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For Ex-Orthodox Jews, Ultimate Frisbee as Rebellion

July 5, 2012 2:13 pm Leave a comment By  | Via  
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Potent Statement: Tossing a ball around in the park is a powerful statement of rebellion for young people who leave ultra-Orthodox communities. (Photo by Claudio Papapietro via The Forward)

The Jewish Daily Forward explores the journey of former ultra-Orthodox Jews to a life beyond the insular communities they were raised in, with an interesting feature focusing on a group who have picked up sports that they had previously been banned from playing. The Forward’s Josh Nathan-Kazis reports:

In a crowded meadow in Brooklyn’s Prospect Park, a group of 20-somethings swarmed a soccer ball like a bunch of sixth-graders at recess.

A few knew how to dribble, but some could barely kick. One tried to tell the goalie that he wasn’t allowed to pick up the ball. Errant passes peppered nearby groups lounging on the grass.

The players looked pretty much like any other group in the park on a balmy Sunday evening. The difference? The pick-up game players are all former ultra-Orthodox Jews making up for lost time.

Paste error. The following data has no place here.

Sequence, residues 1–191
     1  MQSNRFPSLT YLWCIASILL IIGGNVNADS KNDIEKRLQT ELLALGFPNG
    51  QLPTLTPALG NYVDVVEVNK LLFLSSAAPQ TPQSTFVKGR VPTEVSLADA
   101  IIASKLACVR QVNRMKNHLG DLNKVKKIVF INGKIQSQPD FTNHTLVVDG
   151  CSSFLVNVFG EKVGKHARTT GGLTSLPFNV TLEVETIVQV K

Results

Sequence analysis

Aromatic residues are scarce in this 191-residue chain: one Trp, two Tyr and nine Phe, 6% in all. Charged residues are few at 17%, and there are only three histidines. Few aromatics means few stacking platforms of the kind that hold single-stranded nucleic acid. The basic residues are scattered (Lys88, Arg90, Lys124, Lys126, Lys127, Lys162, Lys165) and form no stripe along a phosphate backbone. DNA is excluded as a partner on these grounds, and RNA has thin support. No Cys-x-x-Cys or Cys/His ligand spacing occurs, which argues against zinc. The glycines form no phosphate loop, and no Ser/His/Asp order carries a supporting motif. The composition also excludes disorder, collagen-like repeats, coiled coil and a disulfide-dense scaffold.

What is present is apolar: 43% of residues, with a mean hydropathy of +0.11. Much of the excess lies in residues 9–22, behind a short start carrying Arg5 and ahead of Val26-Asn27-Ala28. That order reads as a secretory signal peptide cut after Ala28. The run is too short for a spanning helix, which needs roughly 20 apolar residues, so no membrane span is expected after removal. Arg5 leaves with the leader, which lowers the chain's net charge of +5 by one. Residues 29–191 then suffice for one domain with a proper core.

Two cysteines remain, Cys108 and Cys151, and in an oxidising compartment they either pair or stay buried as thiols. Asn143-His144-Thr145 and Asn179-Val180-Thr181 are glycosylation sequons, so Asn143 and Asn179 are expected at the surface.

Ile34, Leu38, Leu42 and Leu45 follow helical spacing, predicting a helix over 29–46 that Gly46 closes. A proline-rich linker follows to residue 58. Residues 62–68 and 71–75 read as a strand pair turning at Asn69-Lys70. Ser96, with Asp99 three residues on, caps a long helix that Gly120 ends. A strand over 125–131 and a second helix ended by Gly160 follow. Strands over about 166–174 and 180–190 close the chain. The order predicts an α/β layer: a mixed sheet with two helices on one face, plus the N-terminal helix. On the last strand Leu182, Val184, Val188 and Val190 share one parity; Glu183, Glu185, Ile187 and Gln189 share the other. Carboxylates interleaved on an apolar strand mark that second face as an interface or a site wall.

Sports are generally not allowed in ultra-Orthodox Hasidic communities, where many believe that time wasted on sports will be better spent learning the Torah. But a New York-based non-profit is helping former Hasids to enter and explore the mainstream life beyond their ultra-religious communities. Footsteps members meet every other Sunday in Brooklyn neighborhoods to play soccer or basketball.

The Forward described some errant throws, “bad soccer passes and Frisbee tosses threatening to land on or near other people’s heads.” But the players persisted until they felt more comfortable with the sport.

“I could probably hold my own in a real game [now],” said Sol F., 22, who just moved out of his parents’ home in the Satmar community of the Williamsburg section of Brooklyn.

For Sol, who is one of the organizers of the games, the playing is also an act of rebellion.

The games were coed, which was a matter of principle for Sol. He says he lived for too long with Orthodox edicts about separating the sexes.

“To me, not coed seems like another [Orthodox] idea,” he said.

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